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It may be a ‘living hell,’ but it’s a ‘Russian planet’: Moscow will focus efforts on exploration of Venus, space agency chief says

It may be a ‘living hell,’ but it’s a ‘Russian planet’: Moscow will focus efforts on exploration of Venus, space agency chief says
Moscow plans to send its own mission to Venus in addition to the planned ‘Venera-D’ joint mission with the US, according to the head of its space agency Dmitry Rogozin, who believes the second planet from the Sun is “Russian.”

Speaking at the HeliRussia-2020 exhibition, a convention focused on the Russian helicopter industry, Rogozin announced that Roscosmos plans to focus its efforts on Venus.

“We believe that Venus is a Russian planet, so we shouldn’t fall behind,” he said. “Missions to Venus are a part of the government’s program of Russia’s space exploration for 2021-2030.”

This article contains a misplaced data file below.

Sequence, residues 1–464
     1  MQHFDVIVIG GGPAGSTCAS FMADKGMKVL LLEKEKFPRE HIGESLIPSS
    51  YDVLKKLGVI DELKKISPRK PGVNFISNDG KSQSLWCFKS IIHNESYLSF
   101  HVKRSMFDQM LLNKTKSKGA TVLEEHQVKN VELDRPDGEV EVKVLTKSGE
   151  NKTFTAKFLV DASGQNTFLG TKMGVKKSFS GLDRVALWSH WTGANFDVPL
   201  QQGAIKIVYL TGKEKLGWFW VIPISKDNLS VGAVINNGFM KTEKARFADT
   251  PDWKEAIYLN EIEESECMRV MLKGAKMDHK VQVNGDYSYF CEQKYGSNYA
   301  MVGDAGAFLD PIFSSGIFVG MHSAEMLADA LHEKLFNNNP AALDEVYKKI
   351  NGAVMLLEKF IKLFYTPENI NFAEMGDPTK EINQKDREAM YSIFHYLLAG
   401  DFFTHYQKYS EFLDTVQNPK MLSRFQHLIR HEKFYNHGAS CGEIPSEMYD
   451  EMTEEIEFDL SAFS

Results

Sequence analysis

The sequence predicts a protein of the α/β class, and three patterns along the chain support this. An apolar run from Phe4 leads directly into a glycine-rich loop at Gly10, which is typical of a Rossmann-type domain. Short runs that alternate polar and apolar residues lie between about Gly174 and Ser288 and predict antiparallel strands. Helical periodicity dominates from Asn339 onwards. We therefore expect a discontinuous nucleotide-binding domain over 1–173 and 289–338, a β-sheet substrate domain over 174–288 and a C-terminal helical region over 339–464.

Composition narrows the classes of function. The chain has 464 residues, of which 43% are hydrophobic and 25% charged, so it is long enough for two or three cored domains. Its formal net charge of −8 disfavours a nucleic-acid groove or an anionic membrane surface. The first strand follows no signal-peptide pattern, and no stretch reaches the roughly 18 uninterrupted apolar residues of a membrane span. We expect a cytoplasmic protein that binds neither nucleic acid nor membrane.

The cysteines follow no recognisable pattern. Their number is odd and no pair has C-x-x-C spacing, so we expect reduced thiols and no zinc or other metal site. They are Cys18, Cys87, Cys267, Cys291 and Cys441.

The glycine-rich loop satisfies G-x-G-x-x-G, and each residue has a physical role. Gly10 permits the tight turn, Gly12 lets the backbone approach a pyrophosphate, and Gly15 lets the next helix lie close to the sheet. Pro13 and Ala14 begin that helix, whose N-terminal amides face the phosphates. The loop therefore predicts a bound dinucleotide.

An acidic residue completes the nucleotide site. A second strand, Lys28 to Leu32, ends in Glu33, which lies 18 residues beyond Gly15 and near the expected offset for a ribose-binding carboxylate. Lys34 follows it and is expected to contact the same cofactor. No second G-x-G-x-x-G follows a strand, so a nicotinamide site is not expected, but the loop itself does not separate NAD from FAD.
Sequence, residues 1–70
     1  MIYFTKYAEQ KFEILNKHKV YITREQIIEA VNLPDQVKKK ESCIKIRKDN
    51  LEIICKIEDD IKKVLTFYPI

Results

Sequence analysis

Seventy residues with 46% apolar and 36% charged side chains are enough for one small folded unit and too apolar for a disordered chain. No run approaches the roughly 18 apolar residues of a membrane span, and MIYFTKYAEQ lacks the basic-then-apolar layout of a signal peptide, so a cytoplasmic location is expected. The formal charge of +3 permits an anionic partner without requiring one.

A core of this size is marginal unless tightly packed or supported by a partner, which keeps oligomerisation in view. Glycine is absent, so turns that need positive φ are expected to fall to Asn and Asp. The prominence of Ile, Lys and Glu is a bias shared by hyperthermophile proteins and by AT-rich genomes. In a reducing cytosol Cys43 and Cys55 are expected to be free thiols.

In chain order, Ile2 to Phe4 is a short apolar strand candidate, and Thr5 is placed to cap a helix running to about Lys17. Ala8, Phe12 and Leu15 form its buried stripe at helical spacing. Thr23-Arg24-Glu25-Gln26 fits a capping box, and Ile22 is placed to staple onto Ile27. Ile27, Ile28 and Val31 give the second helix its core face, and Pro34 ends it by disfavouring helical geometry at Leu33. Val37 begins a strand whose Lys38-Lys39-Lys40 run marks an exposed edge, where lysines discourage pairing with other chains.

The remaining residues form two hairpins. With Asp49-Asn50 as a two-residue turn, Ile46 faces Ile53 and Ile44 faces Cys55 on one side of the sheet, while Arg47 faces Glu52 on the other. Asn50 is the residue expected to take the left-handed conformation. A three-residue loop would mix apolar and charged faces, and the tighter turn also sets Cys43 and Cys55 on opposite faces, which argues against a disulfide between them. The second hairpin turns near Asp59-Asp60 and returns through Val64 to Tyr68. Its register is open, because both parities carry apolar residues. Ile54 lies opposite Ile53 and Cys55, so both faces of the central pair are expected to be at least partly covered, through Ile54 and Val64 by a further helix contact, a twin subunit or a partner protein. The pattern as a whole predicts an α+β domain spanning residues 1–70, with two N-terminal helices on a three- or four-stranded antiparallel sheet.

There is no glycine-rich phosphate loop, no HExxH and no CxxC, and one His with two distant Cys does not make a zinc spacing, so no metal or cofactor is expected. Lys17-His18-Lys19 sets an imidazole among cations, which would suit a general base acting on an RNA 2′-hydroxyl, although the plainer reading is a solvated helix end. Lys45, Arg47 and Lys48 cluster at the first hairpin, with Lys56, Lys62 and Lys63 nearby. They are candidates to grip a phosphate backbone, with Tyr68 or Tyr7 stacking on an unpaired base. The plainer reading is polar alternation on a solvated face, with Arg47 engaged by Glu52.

According to current plans, Russia’s next expedition to Venus is scheduled for the late 2020s, as a joint mission between Roscosmos and NASA. In addition, the country is developing its own Venus exploration program, which will send at least three research vehicles to the planet.

Scientists at the United Kingdom’s Cardiff University recently published a paper hypothesizing that Venus’ clouds may be inhabited by living organisms. The researchers found phosphine gas in the planet’s atmosphere, a substance which on Earth is associated with life. As things stand, the gas remains unexplained.

When it comes to searching for life on other planets, Venus is relatively low down the list. Although a similar size to Earth, it has an atmosphere of 97 percent carbon dioxide and an average temperature of 464 degrees Celsius. In 1970, the Soviet probe Venera 7 became the first-ever spacecraft to successfully land on another planet and transmit data back to Earth. Earlier Venera missions either crashed or were crushed by atmospheric impact before landing. No other country has ever managed to land on the planet.

“Our country was the first and only on Venus. Our equipment was there, and it conducted research. In general, it is a living hell,” Rogozin said.

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